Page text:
Those who have been brought up in the Calvinist belief that the Church is invisible cannot see why they should not be admitted to communion anywhere.
It is useless to point out to them that those who wish for the privileges of a society must submit to its rules, because they have never been taught that the Church is a society, or that communion is the privilege of members of the visible Church, not of Christians as individuals.
The written formularies of the English Church were drawn up in an age when everyone was a member of the Church, and therefore do not forbid the communion of non-members (though the canons of 1604 declare those who separate from the Church to be excommunicated). But they do forbid the communion of those who are neither confirmed nor willing to be confirmed.
In the Roman Communion where these difficulties do not arise,
first communion is often given before confirmation,
but it is a modern abuse and was condemned by Pope Leo I in 1897,
approving of a decision of the Diocesan Synod of Marseilles (A. C. Hall, Confirmation, p. 94).
The age at which confirmation is given has differed widely in different
ages and countries.
The ancient custom still continued in the Eastern churches was to administer it to infants.
In the West it became usual in the Middle Ages to postpone it to the age or reason that is, seven years old.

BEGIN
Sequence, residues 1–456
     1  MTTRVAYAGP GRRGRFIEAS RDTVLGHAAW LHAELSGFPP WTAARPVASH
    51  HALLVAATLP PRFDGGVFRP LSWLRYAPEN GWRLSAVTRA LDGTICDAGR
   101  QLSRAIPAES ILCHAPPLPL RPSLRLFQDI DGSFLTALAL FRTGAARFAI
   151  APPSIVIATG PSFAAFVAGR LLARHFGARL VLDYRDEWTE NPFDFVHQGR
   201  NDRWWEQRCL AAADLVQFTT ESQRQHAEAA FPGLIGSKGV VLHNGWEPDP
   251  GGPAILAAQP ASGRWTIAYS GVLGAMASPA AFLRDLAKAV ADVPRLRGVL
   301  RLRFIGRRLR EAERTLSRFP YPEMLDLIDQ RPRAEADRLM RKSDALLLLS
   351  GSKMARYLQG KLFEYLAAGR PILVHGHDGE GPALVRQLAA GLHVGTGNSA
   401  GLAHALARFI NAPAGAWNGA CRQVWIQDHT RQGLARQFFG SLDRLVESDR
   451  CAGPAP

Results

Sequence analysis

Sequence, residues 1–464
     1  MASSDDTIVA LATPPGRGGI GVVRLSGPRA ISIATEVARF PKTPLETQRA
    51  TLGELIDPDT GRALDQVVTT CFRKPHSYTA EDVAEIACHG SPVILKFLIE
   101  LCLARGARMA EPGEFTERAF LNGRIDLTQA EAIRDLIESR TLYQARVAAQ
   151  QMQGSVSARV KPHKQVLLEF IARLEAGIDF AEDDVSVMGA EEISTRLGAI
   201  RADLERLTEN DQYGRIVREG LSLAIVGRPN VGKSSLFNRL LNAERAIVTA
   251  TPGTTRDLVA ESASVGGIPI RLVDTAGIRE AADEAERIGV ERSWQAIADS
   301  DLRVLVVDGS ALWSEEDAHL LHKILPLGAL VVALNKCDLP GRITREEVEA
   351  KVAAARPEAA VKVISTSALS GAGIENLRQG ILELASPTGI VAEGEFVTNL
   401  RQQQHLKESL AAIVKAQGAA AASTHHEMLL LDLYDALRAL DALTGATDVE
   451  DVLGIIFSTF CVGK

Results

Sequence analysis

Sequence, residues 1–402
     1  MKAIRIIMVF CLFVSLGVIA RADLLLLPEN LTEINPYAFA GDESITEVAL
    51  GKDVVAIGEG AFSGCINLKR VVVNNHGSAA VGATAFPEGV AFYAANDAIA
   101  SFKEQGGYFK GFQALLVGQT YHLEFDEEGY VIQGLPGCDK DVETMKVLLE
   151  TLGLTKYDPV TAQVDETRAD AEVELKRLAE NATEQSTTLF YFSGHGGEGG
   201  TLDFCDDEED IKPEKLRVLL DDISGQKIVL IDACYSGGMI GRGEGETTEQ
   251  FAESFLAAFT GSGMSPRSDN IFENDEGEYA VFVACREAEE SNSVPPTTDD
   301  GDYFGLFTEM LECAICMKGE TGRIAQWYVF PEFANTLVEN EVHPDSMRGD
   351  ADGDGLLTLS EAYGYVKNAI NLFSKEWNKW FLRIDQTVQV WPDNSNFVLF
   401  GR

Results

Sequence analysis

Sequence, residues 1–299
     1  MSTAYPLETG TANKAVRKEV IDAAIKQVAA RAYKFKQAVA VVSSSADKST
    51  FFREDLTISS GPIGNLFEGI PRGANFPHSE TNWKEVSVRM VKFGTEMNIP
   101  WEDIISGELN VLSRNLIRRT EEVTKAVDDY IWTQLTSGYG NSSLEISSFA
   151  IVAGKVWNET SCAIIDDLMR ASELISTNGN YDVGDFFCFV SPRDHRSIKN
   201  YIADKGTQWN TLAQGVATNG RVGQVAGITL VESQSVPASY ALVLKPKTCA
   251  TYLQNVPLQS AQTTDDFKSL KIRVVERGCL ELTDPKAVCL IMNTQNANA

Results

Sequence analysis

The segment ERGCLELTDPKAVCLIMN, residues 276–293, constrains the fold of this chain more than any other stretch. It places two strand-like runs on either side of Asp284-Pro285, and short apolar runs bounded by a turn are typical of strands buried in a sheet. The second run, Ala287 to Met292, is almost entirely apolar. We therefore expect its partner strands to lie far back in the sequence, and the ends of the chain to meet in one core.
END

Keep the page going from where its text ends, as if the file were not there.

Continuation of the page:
The English Prayer Book requires all children to have learned the Catechism before confirmation which is to be given when the child reaches years of discretion that is, when he is able to distinguish right from wrong. [Not when he becomes "discreet"; in that case many would never be confirmed!]
Queen Elizabeth I was confirmed by Archbishop Cranmer when she was a week
This was probably deliberate archaism.
John Wesley was confirmed at eight (1711).
This was usual at that time.
The modern custom of postponing confirmation till the sixteenth year is due to Lutheran influence.
In practice no rigid rule can be laid down because the development and the
circumstances of different children differ so much.
It is now generally agreed by those who know what confirmation is and have studied the psychology of children that when the home is thoroughly Christian, confirmation should be given before adolescence begins that is, not later than the thirteenth year provided that it is followed up with careful instruction for some years.